Dayton Daily News, September 29, 2017

Slate, September 20, 2017
The Columbus Dispatch, September 21, 2017

Obama-era school sexual assault policy rescinded
Politico, September 22, 2017

Cleveland Plain Dealer Editorial Board, September 22, 2017

Senator Rob Portman’s Columbus Office
37 W Broad St Ste 300, Columbus, Ohio 43215
Hosted by: Indivisible: Ohio District 12, Indivisible Columbus District 3, Indivisible Ohio District 15, and Planned Parenthood Advocates of Ohio Facebook Page:
“The GOP Senate’s latest iteration of Trumpcare is its worst bill yet and they may be close to the 50 votes needed. Portman has yet to weigh in and says he is still “reviewing the data.” Well, the data shows that Ohio will get billions of dollars less in Medicaid funding which means people will die. Join us to tell Portman to VOTE NO!”
Visit our Partner Events Calendar for more details on events hosted by our coalition partners across the state. 

We are tracking the progress of any state bills affecting women in the Ohio Legislature for the 132nd General Assembly. The Legislature is back in session from summer recess so things are picking up! Here’s a quick overview of some key highlights from this week and a look ahead to next week:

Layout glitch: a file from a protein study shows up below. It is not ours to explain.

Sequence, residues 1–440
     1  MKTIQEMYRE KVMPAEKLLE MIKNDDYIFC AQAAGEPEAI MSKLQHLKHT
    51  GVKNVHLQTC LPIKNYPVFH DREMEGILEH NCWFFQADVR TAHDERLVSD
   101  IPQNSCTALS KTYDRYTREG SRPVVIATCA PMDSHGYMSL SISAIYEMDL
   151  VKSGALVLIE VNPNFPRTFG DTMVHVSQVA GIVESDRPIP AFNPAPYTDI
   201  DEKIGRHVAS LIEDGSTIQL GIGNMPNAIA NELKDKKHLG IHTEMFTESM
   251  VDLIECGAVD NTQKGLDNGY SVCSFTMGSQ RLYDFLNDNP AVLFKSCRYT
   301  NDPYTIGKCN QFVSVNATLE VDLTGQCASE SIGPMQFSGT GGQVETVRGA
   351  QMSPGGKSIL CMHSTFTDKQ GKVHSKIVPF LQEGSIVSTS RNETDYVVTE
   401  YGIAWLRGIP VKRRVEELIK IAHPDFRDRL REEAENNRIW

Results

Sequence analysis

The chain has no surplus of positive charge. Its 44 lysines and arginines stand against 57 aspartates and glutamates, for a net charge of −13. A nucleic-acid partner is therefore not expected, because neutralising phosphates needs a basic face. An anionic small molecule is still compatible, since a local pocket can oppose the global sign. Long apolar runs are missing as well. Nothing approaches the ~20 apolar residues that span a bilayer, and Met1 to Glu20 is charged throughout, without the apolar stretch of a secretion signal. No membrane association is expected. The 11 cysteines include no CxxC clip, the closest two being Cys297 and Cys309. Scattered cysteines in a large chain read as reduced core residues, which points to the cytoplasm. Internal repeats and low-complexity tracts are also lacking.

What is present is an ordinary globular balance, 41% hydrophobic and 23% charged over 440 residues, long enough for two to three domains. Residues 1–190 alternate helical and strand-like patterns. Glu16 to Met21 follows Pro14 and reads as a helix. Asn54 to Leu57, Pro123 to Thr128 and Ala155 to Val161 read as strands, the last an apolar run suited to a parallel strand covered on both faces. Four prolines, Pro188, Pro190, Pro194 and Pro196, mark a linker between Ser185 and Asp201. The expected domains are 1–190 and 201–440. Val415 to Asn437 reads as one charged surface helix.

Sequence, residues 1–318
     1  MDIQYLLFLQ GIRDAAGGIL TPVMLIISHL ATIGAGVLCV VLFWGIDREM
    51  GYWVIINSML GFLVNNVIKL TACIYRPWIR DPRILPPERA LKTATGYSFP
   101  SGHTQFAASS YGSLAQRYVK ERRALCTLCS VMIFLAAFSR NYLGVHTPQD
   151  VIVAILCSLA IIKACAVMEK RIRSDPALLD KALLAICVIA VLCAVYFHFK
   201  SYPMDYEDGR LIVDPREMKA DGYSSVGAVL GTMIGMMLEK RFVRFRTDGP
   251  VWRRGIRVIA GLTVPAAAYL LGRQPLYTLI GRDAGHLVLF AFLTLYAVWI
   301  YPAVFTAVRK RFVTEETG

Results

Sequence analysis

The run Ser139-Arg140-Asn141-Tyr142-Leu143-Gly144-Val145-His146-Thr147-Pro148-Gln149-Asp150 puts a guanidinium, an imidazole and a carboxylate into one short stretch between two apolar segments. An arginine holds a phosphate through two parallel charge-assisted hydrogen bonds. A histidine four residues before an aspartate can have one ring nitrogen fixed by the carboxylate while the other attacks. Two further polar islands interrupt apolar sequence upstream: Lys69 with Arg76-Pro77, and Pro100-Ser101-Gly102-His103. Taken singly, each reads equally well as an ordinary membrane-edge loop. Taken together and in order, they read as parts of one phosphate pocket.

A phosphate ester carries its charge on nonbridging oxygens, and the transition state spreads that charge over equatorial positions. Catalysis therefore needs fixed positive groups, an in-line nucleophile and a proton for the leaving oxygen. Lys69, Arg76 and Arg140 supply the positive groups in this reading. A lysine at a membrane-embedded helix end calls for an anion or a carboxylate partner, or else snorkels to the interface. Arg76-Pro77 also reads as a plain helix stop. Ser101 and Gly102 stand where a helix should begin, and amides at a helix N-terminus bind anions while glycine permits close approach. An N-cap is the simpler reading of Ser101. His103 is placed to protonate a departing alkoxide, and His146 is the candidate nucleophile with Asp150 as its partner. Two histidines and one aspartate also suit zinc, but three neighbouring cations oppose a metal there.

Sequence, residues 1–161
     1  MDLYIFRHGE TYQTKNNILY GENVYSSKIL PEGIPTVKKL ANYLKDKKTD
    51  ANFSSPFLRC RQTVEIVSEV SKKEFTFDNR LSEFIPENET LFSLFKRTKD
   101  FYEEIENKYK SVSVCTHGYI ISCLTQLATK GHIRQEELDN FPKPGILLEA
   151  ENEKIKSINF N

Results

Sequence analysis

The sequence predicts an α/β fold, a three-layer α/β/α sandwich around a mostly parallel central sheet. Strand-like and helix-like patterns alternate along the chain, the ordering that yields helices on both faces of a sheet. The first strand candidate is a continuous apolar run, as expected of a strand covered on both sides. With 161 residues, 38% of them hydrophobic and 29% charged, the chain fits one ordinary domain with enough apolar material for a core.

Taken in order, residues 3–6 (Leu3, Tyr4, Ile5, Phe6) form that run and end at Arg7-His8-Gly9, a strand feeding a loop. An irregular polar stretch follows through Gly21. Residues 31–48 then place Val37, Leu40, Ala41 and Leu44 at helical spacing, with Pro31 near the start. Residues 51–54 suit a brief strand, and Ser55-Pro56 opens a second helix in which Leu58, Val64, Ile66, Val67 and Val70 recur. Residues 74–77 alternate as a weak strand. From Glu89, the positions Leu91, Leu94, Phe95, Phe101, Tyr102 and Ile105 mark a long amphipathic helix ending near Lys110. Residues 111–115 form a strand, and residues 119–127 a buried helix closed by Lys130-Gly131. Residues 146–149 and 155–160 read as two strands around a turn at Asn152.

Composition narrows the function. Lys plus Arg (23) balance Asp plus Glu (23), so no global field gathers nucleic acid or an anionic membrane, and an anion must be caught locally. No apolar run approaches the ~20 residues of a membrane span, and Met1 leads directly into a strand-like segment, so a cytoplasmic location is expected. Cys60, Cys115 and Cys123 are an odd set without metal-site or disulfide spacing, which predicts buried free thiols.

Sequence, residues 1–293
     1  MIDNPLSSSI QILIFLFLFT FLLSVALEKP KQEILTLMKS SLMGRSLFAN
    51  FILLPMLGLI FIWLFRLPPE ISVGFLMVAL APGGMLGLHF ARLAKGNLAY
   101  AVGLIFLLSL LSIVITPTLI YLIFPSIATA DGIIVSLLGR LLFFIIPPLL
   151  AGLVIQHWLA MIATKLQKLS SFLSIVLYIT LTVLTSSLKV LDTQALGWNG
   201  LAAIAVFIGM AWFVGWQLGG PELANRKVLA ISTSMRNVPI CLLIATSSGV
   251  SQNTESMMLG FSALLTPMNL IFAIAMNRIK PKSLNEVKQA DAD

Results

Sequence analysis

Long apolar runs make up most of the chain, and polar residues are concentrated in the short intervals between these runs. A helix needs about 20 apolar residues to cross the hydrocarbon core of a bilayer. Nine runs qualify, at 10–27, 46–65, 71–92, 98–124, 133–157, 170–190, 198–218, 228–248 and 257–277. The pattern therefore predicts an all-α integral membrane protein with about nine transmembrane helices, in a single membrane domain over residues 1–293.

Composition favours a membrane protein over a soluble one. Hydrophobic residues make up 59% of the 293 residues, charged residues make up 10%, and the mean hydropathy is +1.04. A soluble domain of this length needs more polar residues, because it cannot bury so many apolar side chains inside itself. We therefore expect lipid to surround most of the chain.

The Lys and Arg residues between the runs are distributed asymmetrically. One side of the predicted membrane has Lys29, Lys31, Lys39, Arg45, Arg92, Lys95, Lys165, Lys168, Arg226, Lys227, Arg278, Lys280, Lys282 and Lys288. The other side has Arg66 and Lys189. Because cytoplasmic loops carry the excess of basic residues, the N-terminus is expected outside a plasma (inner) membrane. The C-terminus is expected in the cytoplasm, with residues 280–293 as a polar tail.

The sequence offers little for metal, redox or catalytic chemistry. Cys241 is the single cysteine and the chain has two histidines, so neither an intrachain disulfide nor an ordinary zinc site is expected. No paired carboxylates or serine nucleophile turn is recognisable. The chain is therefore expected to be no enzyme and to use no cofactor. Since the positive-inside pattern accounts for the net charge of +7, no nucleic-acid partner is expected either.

• HB 214 (LaTourette, Merrin) – The Down Syndrome abortion ban, which bans a doctor from performing an abortion if they have knowledge that a woman is seeking the abortion due to a prenatal diagnosis of Down syndrome. The House Health Committee held a second hearing for proponent testimony on Wednesday.
  • HB 327 (Schaffer, Smith, K.) – Creates tougher penalties for anyone charged with importuning or soliciting sex over the internet. The House Criminal Justice Committee held a first sponsor hearing on the bill on Tuesday.
  • SB 4 (Kunze, Oelslager) – Expands the expungement law for human trafficking survivors. Current law only allows for the expungement of records for prostitution and related charges, but does not apply to certain other offenses committed during the time that they were trafficked, such as theft or drug possession. Too often, these other charges hold back women from finding housing or employment. The bill pass unanimously out of the Senate earlier this year and had a second hearing with proponent testimony on Tuesday of this week.